Following my 1968 assay into the world of Canadian Indians, described in my previous Chronicle, I had a more or less open assignment to investigate the same subject across Canada. In the next three years, until I quit my job, I believe I met most of the significant leaders, from the legendary George Manuel down to the mere chiefs of many small local bands. As must be expected with so complex a subject, complicated by its shameful generations of history, and by the many divisions, induced by the government, among the subject peoples, I came to a number of somewhat contradictory conclusions.
At that period, few Canadian Indians had even made it through high school, and it became obvious to me that however strong and dedicated their leaders might be, they did not, overall, have the education that would enable them to confront on equal terms the moloch of the federal government, with its hundreds of civil servants and lawyers, all of whom, it seemed, were concentrated on finding measures designed to keep the indigenous people in their place. At the same time, in a somewhat contradictory finding, it became obvious to me that the first thing needed by the indigenous people was to rediscover their pride in, their belief in, their traditional beliefs, ceremonies, and practices, without which, as a basis, no amount of education would serve to lift them from their decline.
None of that is to suggest that they had no leadership during those long, bitter years. I soon heard about, for example, Chief Gabriel Sylliboy, a Micmaq, who in 1928 went to court to argue that under the terms of a Treaty of Peace and Friendship his people had signed in 1752 with the newcomers, he was entitled to hunt and fish freely. To say that he was laughed out of court is merely to emphasis one of the shameful episodes in the relationship between the indigenous and the newcomers. The judge said that treaties were unconstrained acts between two sovereign powers and the Mi’kmaq were savages and incapable of having treaties. Yet 57 years later, a Micmaw called James Simon went to court with exactly the same argument, basing his reasoning on the very same Treaty, and he was found to have the right to hunt and fish, as he claimed. And another 32 years on, that is, 89 years after Sylliboy was humiliated in the court room, the Lt-Governor of Nova Scotia, J.J. Grant, in a formal ceremony, granted Sylliboy a full pardon and coupled it with an apology. “It is not simply the stroke of a pen on the Queen’s behalf that is the only component of what we undertake today,” said Grant. “It is a process of treaty education that includes understanding and valuing what the Mi’kmaq have contributed in shaping this province and nation.” Sylliboy died in 1964, and as one of his people said at the ceremony, “he went to his deathbed thinking he let the Mi’kmaq people down.”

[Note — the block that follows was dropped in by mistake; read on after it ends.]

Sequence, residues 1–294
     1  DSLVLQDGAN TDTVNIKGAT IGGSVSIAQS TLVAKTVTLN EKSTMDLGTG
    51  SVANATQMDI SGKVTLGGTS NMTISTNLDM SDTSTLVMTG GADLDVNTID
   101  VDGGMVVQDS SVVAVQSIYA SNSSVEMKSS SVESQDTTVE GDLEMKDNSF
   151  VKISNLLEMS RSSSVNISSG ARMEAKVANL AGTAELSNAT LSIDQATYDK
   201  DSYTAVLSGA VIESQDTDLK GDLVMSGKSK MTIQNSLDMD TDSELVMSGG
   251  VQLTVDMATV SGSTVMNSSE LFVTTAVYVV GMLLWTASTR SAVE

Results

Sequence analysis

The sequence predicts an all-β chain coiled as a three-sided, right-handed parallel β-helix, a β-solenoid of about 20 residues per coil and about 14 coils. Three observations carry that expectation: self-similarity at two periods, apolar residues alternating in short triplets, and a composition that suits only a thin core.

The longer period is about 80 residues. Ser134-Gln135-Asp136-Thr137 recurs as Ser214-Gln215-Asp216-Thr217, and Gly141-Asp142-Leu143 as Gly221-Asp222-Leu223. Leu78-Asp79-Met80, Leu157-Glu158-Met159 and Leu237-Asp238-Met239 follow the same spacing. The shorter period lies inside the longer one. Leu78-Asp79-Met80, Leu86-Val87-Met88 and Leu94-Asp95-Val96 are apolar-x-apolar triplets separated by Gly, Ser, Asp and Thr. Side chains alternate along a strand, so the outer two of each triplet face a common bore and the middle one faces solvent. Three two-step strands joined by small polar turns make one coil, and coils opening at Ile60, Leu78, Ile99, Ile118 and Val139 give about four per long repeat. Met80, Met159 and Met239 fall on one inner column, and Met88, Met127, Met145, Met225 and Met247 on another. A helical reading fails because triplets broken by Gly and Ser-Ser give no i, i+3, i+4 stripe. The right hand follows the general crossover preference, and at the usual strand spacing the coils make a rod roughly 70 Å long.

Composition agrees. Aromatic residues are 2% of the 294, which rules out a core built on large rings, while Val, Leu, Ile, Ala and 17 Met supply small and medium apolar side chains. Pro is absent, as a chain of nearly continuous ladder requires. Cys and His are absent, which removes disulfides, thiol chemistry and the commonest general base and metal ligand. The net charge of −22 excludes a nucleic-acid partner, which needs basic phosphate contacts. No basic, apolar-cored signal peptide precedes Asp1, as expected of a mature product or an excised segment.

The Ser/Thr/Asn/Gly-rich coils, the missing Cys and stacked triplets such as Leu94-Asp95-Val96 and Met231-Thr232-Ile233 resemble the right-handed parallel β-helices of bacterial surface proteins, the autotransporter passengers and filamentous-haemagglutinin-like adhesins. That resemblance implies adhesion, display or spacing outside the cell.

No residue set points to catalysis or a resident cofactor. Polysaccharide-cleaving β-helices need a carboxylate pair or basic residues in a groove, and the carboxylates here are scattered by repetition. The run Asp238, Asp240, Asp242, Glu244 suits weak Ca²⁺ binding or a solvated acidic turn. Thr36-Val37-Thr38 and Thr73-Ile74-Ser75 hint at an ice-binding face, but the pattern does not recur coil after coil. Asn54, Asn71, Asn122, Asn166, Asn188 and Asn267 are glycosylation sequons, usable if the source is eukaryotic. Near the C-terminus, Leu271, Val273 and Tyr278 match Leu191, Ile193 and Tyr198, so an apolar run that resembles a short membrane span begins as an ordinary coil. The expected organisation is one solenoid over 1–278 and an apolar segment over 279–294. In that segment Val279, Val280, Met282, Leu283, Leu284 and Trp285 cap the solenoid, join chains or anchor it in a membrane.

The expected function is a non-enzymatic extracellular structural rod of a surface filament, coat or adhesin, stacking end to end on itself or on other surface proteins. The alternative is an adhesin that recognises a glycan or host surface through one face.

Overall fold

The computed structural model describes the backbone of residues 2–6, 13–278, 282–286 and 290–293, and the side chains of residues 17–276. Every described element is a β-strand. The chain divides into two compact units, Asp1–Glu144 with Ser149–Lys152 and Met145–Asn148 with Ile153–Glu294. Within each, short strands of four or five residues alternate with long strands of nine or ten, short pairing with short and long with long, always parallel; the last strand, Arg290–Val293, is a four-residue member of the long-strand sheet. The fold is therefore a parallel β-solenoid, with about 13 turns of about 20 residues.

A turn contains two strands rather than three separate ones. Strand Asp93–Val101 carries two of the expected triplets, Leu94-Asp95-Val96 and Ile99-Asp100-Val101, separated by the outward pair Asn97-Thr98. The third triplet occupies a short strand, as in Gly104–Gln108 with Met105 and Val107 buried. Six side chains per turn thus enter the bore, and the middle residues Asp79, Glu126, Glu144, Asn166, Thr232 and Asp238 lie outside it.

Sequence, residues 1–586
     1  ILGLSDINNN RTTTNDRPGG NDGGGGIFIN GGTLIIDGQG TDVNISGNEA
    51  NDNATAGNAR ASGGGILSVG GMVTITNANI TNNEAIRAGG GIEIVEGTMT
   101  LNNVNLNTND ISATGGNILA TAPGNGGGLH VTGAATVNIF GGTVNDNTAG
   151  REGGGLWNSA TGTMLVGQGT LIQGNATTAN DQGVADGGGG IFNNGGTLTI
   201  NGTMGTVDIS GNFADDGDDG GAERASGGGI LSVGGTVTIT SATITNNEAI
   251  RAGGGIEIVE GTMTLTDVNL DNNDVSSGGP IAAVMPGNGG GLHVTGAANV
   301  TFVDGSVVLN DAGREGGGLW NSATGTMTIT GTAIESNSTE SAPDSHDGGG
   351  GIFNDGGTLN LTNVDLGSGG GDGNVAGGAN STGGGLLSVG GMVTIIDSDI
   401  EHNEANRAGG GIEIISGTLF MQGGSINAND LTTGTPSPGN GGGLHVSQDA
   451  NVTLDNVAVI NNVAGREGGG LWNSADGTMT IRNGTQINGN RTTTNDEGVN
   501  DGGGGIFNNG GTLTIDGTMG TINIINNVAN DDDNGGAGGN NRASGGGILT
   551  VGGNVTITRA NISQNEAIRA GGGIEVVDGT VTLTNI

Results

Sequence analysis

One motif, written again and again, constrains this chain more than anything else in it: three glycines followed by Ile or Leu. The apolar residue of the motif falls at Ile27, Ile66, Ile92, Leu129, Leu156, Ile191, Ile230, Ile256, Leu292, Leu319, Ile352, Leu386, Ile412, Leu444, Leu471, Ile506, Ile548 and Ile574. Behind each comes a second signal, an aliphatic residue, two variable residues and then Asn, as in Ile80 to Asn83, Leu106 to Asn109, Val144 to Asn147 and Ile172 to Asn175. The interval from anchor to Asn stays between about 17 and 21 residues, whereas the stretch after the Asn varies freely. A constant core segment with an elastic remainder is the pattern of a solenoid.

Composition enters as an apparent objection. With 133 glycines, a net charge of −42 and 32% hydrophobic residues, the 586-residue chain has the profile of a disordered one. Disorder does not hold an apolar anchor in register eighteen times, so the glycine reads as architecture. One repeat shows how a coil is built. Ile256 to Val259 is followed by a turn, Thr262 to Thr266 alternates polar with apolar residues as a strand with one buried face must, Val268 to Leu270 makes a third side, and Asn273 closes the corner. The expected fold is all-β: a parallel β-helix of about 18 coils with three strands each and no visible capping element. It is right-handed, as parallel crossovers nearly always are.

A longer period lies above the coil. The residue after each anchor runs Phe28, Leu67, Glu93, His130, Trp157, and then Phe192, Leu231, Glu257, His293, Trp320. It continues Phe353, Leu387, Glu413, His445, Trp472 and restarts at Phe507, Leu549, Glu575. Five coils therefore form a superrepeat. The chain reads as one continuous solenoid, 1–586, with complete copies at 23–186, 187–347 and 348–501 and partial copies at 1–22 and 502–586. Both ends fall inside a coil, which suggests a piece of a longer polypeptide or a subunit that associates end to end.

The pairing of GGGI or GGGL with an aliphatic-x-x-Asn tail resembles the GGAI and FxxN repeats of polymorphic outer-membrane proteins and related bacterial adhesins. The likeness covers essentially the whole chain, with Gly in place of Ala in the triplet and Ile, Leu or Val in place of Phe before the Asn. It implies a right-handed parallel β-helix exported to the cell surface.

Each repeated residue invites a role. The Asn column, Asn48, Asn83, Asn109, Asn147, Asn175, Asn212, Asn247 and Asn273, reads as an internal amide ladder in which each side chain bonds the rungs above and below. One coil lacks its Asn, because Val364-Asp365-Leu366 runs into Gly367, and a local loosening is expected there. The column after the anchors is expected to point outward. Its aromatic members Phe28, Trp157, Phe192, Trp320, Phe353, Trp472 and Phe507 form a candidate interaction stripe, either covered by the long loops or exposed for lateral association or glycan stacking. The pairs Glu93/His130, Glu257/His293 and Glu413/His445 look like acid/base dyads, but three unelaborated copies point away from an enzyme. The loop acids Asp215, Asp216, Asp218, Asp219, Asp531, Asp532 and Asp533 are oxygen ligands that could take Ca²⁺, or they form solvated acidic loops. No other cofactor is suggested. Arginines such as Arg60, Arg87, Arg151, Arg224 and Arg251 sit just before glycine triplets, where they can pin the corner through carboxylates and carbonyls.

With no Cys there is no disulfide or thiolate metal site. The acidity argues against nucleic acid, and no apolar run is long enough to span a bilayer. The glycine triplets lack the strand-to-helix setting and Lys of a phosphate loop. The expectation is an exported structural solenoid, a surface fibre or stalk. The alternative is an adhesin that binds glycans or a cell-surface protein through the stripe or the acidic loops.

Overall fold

I was utterly astonished when I learned that the Royal Proclamation of 1763 had laid down that no lands could be occupied before a negotiation had taken place between the government and the native occupiers of the land, but that this had been totally ignored over huge areas of the country, such as most of British Columbia and all of Quebec. It was only as the newcomers began to filter across the country, and wanted the land, that they entered into such negotiations, signing the so-called Numbered Treaties from one to nine, but these were not negotiations between equals, and the native people were given misleading guarantees that they would be allowed to use their traditional lands as before, to hunt and fish and feed themselves, activities that, in the event were forbidden to them as the newcomers erected controls over everything the original occupants did.
I quickly began to realize as I wandered the country that there was nothing exceptional about this Sylliboy story: similar stories could be heard everywhere. Sylliboy and men like him had been diligent all through those years of decline, in maintaining opposition to the takeover by the newcomers from Europe. For example, the Nishga people of northern British Columbia maintained throughout their history that they had never surrendered their land. They repeated this at every opportunity. In 1913 they sent a delegation to London to tell the Sovereign their views; in the late 1920s, they were at it again, unrepentantly claiming ownership of their traditional lands. For years it was even forbidden for native people to collect money to defend themselves, but eventually they took the matter to court, their case being argued for them by the BC politician and lawyer, Tom Berger, and, not long after I began to take an interest, their argument was so persuasive that they split the Supreme Court on the substantive issue of their Aboriginal right in their land. This case, with three Supreme Court justices finding for the Indian interest, persuaded Prime Minister Pierre Trudeau, who had hitherto argued that one part of society could not make a treaty with another part, and therefore the Indian treaties were invalid, to change his mind.